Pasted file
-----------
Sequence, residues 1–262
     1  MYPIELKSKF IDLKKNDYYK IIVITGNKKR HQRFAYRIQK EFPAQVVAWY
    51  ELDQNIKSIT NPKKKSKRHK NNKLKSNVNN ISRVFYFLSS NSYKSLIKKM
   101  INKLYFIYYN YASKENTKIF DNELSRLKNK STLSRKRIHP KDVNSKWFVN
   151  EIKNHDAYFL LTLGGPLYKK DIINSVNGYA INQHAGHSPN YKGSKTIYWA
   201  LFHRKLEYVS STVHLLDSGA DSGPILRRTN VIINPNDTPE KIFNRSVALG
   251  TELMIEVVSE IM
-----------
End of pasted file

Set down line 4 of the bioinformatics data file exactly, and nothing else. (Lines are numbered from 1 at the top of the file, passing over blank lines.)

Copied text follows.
   101  INKLYFIYYN YASKENTKIF DNELSRLKNK STLSRKRIHP KDVNSKWFVN